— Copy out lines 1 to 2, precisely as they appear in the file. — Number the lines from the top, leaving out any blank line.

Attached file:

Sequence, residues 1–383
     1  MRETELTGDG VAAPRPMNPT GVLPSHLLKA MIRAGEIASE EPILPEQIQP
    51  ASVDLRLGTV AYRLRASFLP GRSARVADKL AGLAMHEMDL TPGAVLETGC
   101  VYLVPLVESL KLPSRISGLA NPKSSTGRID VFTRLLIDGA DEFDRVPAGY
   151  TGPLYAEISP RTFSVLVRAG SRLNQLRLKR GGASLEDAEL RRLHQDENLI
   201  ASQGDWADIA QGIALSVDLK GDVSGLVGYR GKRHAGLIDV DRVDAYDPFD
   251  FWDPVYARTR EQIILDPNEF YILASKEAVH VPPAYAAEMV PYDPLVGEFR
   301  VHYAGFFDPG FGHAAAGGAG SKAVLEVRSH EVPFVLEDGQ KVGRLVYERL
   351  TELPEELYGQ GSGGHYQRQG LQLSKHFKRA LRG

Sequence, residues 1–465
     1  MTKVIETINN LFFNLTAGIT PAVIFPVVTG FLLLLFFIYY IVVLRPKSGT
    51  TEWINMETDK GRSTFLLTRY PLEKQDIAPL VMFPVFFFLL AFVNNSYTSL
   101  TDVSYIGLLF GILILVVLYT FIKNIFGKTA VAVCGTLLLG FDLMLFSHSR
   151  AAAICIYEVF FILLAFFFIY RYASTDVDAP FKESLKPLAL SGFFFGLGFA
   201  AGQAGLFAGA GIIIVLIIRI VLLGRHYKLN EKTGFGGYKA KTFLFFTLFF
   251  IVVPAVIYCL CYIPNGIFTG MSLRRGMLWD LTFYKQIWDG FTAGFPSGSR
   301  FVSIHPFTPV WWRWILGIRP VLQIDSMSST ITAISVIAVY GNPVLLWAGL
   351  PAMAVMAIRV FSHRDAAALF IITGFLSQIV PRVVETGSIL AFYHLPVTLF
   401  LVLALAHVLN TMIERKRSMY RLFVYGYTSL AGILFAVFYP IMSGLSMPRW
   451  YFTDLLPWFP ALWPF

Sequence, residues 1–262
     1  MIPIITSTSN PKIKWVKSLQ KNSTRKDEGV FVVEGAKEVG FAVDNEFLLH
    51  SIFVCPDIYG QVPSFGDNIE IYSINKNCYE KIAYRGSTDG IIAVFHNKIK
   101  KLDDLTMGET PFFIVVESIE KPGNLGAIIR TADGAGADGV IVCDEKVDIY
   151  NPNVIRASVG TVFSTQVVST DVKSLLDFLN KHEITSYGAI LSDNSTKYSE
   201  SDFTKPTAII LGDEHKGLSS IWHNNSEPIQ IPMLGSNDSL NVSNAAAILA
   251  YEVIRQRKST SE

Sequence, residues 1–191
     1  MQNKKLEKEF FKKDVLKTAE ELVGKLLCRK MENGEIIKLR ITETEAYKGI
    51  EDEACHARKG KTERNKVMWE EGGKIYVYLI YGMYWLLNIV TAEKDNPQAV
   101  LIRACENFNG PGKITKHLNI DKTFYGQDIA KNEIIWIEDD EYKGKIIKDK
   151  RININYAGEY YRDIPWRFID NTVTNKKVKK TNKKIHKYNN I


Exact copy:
Sequence, residues 1–383
     1  MRETELTGDG VAAPRPMNPT GVLPSHLLKA MIRAGEIASE EPILPEQIQP